If, over the next 12 months, the Fed’s balance sheet continues to increase by $76.4 billion per month and total commercial bank credit remains static at its August level, then, in the 12 months ended August 2014, the sum of Fed credit and commercial bank credit will have increased by 6.7%. This represents a 250 basis point deceleration in growth from what it had been in the 11 months ended August 2013. If total commercial bank credit over the 12 months ended August 2014 contracts by 0.8%, its annualized rate of contraction in the four months ended August 2013, and Fed credit increases by $76.4 billion per month, then in the 12 months ended August 2014 the sum of Fed credit and bank credit will have increased by 6.1%. This represents a 310 basis point deceleration in growth from what it had been in the 11 months ended August 2013.
Now, annualized growth in the sum of Fed credit and commercial bank credit in the range of 6.1% to 6.7% in the context of a longer-run median growth rate of 6.7% for this credit aggregate does not represent a restrictive monetary policy in an absolute sense. But, as discussed above, if this credit aggregate does, in fact, grow in this range over the next 12 months, it would represent a move toward more restriction or less accommodation, however you want to describe it, than what prevailed in the 11 months ended August 2013. And, as it would be more restrictive/less accommodative, then we should expect a moderation in the growth of nominal transactions over the coming 12 months, which would imply a moderation in the rate of advance in equity prices.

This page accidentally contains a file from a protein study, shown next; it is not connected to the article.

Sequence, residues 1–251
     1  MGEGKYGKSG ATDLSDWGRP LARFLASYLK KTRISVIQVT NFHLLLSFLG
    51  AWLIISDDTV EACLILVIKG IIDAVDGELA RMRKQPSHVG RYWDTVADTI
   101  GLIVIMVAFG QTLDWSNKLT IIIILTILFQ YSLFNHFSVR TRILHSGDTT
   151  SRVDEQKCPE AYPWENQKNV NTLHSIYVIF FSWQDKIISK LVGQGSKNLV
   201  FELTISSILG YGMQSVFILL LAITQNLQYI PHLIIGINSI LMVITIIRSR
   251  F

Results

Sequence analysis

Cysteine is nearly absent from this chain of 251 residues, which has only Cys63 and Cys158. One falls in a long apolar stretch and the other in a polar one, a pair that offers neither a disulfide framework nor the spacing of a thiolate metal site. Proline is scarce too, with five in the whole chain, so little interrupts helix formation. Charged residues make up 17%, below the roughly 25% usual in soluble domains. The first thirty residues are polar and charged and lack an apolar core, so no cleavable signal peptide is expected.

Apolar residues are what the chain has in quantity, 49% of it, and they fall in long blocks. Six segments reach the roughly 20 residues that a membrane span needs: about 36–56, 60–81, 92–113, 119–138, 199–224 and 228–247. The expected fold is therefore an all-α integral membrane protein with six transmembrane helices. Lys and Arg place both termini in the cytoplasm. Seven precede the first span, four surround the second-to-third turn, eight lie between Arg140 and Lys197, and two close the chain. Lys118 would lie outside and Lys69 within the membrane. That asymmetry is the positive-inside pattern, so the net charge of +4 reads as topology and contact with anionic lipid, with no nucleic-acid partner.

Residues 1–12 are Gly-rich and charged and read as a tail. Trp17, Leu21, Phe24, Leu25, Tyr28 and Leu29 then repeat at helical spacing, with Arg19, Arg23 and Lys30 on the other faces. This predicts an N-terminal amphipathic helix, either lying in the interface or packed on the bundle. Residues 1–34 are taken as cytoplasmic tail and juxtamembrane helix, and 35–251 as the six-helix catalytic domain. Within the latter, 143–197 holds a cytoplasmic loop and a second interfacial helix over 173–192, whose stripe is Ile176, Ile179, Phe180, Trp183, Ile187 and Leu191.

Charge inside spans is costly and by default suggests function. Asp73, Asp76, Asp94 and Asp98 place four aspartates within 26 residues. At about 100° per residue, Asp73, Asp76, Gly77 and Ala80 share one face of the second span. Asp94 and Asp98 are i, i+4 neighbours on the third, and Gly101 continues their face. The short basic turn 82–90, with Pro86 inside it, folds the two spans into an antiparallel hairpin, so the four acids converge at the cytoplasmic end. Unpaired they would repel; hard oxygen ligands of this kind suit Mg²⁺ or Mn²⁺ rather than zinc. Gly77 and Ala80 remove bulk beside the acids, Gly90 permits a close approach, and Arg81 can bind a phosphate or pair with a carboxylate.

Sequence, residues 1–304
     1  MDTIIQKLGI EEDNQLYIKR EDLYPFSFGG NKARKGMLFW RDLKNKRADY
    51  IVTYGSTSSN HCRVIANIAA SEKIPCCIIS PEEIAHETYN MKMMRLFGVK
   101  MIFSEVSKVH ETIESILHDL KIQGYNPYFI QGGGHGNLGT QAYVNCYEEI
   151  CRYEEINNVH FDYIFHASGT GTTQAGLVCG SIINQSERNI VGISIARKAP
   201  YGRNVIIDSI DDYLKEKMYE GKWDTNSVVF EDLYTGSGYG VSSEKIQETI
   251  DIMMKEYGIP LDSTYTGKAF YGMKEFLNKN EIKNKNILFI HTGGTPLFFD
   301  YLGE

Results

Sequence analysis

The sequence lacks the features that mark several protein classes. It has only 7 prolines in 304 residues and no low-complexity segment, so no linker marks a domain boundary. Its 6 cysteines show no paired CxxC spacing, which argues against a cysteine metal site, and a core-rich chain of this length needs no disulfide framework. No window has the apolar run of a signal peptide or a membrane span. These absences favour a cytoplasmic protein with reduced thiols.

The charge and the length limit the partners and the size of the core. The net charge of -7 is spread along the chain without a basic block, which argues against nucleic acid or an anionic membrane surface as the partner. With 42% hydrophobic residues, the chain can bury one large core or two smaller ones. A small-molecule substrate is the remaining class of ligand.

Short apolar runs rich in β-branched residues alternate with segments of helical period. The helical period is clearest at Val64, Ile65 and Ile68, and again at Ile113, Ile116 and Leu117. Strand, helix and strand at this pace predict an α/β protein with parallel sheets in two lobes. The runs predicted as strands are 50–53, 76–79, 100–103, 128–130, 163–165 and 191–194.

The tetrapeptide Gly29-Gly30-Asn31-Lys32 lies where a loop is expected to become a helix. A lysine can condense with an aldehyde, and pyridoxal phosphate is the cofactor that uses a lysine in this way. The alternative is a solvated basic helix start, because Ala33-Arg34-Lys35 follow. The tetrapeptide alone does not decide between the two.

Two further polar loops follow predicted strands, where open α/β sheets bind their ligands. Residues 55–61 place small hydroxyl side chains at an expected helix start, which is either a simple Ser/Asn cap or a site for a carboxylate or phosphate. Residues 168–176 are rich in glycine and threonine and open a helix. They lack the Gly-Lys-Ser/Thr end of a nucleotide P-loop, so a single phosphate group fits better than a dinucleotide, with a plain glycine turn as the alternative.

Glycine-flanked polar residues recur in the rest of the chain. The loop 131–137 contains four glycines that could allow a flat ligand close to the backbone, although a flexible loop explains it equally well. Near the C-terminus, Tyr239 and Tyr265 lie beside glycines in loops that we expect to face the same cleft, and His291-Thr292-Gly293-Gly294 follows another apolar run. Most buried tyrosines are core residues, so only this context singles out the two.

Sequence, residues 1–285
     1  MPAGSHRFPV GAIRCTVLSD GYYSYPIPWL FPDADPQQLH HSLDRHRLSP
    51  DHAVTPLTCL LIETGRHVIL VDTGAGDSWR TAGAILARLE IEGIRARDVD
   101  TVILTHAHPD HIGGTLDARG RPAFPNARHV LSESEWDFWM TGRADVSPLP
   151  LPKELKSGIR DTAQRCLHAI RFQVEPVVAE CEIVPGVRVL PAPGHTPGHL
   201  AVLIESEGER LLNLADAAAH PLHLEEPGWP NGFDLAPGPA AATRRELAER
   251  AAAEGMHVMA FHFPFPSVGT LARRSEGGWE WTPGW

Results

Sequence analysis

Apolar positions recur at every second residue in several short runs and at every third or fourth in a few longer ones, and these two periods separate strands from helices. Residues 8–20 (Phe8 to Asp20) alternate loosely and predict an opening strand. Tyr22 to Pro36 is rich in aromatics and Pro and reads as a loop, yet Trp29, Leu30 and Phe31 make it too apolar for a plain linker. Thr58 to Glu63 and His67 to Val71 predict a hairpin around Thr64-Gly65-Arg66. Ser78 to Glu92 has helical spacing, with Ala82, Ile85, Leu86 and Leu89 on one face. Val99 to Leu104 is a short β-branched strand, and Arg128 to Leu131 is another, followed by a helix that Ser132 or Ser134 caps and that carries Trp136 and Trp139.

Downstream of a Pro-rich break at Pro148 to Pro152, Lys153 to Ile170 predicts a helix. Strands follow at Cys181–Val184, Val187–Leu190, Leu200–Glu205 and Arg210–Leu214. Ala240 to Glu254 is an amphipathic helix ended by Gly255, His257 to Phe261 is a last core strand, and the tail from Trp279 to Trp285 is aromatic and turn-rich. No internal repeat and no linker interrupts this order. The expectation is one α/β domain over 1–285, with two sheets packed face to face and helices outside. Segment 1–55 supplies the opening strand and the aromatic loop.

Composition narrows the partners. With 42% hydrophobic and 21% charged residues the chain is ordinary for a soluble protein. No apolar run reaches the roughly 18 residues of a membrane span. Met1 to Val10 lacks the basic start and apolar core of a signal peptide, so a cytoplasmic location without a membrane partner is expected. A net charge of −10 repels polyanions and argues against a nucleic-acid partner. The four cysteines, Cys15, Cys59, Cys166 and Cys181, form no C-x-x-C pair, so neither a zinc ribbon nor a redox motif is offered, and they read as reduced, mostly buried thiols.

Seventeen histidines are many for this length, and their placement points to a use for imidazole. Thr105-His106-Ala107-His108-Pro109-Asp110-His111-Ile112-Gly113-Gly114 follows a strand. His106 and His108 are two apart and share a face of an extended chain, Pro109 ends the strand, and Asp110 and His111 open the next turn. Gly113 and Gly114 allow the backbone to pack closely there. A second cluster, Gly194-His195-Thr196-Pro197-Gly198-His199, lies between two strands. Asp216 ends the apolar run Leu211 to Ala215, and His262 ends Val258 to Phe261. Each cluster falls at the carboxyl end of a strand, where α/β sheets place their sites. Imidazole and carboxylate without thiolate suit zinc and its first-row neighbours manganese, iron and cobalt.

I have to admit that I am puzzled by the recent contraction in commercial bank credit. The most recent Fed survey of bank lending terms showed an easing in those terms, which would imply faster growth in bank credit, not a contraction. Although recent unrealized losses on bank holdings of securities due to rising interest rates might have reduced bank capital, in general, bank capital ratios are higher than required. So, it is entirely possible that bank credit could start to grow again in the near future.
But, in the other direction, we could be just one random number, i.e., one employment report, away from a Fed decision to reduce its rate of securities purchases, according to comments made by St. Louis Fed President Bullard on September 20. The upshot of all this is that if you want to know where the economy is headed, “follow the money’, more accurately, follow the thin-air credit, by keeping an eye on the Fed’s H.4.1 report, Factors Affecting Reserve Balances, released on Thursday afternoons and the Fed’s H.8 report, Assets and Liabilities of Commercial Banks in the U.S., released on Friday afternoons.